"It will be harvested using solar energy through the evaporation process and produce a very clean fertiliser for sustainable agricultural outcomes - that's very exciting, that closed circuit of sustainability and improving outcomes, especially here in Australia where we're still importing all our potassium needs."
The potash market is dominated by the cheaper, more commonly found muriate of potash (MOP), such as BHP's yet-to-be-developed Jansen deposit in Saskatchewan.
MOP can also be heat-treated using the Mannheim process to produce SOP, however the energy intensive process produces hydrochloric acid as a waste product, which Paterson said further highlighted the more environmentally-friendly and lower-cost nature of brine SOP production.
SOP has a niche as a premium mineral fertiliser for high-value, chloride-sensitive crops such as fruit, cocoa and coffee beans.
"It increases drought tolerance and helps plants become much more efficient with water uptake," Paterson said.
"With increasing climate change and drought issues, and the salinity of our soils … we need to be using smart fertilisers that are efficient and nutritious.
"Sulphate of potash is just a really good healthy fertiliser and the more we can use that instead of muriate across all of our agricultural sector, we can improve the sustainability of Australian and global agricultural output."
Global SOP demand of circa 7 million tonnes a year is said to be rising at 3% per annum thanks to a growing world population, a reduction in arable land and an increasing use of fertiliser.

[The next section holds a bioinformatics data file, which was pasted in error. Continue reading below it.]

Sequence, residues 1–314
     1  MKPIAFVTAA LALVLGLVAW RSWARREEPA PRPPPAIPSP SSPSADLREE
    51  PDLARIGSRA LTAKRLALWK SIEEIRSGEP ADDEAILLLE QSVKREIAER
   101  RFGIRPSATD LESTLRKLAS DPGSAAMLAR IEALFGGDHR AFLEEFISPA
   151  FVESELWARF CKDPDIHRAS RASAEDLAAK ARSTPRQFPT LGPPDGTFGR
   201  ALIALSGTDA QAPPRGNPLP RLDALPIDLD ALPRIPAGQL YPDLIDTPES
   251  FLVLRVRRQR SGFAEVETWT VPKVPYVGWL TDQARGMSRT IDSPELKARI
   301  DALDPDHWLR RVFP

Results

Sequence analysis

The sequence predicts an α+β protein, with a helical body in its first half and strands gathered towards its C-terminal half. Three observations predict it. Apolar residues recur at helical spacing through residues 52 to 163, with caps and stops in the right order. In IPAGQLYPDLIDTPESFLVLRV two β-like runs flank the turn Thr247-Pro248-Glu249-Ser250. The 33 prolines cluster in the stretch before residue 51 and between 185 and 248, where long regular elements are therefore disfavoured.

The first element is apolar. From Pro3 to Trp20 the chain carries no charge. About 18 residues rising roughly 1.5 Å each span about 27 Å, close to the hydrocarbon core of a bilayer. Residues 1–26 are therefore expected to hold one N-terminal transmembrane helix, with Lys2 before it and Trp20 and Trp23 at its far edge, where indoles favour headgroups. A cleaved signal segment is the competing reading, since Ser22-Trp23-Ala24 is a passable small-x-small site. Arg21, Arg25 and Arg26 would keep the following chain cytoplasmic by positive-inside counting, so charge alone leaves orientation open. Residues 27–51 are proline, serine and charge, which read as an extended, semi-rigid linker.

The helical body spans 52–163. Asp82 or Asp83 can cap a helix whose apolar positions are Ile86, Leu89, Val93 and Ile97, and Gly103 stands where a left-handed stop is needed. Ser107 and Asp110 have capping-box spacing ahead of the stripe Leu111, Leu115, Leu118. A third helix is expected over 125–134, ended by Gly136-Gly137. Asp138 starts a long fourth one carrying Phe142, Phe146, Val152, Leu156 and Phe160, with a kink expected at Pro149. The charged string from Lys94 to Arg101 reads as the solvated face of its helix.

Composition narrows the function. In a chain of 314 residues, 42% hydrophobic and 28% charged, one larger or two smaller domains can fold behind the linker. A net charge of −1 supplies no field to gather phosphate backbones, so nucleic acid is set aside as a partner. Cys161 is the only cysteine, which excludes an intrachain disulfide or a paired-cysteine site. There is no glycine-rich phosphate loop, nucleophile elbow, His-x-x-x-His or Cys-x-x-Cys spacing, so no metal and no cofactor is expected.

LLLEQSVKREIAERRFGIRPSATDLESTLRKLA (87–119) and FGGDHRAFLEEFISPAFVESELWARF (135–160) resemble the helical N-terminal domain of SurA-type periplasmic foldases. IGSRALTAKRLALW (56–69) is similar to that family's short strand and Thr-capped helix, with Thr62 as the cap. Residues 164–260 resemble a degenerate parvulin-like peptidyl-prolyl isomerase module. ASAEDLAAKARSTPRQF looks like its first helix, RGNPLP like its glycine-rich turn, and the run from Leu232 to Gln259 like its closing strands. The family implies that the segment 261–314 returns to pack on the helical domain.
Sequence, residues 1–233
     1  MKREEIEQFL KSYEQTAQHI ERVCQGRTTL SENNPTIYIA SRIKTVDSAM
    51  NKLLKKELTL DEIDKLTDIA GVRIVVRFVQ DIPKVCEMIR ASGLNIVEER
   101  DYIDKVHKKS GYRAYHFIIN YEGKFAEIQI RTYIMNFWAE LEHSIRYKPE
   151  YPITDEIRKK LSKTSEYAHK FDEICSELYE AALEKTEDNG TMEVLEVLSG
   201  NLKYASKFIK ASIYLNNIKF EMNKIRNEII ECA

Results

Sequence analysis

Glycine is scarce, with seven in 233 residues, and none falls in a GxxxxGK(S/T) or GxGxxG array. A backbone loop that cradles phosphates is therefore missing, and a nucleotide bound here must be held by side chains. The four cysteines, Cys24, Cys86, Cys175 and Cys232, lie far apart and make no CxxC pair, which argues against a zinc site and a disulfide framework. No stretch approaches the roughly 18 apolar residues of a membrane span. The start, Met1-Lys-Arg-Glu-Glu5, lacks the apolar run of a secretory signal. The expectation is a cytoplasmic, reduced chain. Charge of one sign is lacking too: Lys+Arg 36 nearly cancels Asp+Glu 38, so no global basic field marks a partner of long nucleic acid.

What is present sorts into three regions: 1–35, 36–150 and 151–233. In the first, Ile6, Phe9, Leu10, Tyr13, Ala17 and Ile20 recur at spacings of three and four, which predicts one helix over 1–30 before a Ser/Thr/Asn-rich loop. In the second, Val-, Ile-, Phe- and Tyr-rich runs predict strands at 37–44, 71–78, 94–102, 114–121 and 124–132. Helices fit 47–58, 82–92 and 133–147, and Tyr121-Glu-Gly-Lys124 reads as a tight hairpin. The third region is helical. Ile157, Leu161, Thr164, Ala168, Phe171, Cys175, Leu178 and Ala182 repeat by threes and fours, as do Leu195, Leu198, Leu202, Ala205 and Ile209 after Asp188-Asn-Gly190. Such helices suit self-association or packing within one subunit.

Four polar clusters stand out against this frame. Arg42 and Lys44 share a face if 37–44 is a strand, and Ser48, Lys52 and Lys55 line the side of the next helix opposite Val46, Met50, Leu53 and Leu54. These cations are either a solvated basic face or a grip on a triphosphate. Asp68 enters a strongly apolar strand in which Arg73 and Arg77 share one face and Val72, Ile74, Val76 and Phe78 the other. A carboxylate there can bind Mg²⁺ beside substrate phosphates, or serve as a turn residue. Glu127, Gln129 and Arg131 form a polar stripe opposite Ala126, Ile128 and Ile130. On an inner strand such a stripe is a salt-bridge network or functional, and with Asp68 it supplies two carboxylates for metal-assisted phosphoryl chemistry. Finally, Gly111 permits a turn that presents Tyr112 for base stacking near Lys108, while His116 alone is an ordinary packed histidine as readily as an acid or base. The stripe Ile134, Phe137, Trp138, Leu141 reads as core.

Trigg's three projects - Lake Throssell, Lake Yeo and Lake Rason to the south, lie near the terminus of ancient river valleys, where brine solutions carrying potassium mineralisation have been concentrating for millions of years.
Despite the remote-looking location, it yields benefits including being situated in a mining-friendly jurisdiction, plus has access to infrastructure.
Trigg's Lake Throssell project is host to the Great Central Road, where an upgrade is underway to establish the Outback Highway as a reliable route across central Australia, linking Laverton to Winton in Queensland.
The project is also about 60km from a gas pipeline and less than 1,000km from the deep-water port of Esperance.
Trigg's progress puts it firmly among Western Australia's budding SOP sector, albeit at an earlier stage than the few nearing production.
In that respect, Paterson said it was "an absolute advantage coming second".
"I've been watching what my peers have been doing and absorbing a lot of that knowledge," she said.
"We're also bringing on board a number of staff who have worked in the peer group, so we can learn the lessons.
"There's no set playbook like if it was a gold deposit and we could just get things off the shelf and go about building a gold mine.
"Each project has a slightly different process flow sheet because we have slightly different brine chemistry - we're all learning as a new industry here in Australia."
Another advantage of Trigg's earlier-stage status is that it represents a ground floor investment opportunity in a new Australian growth industry.
"We've got all the upside or the growth story ahead of us," Paterson said.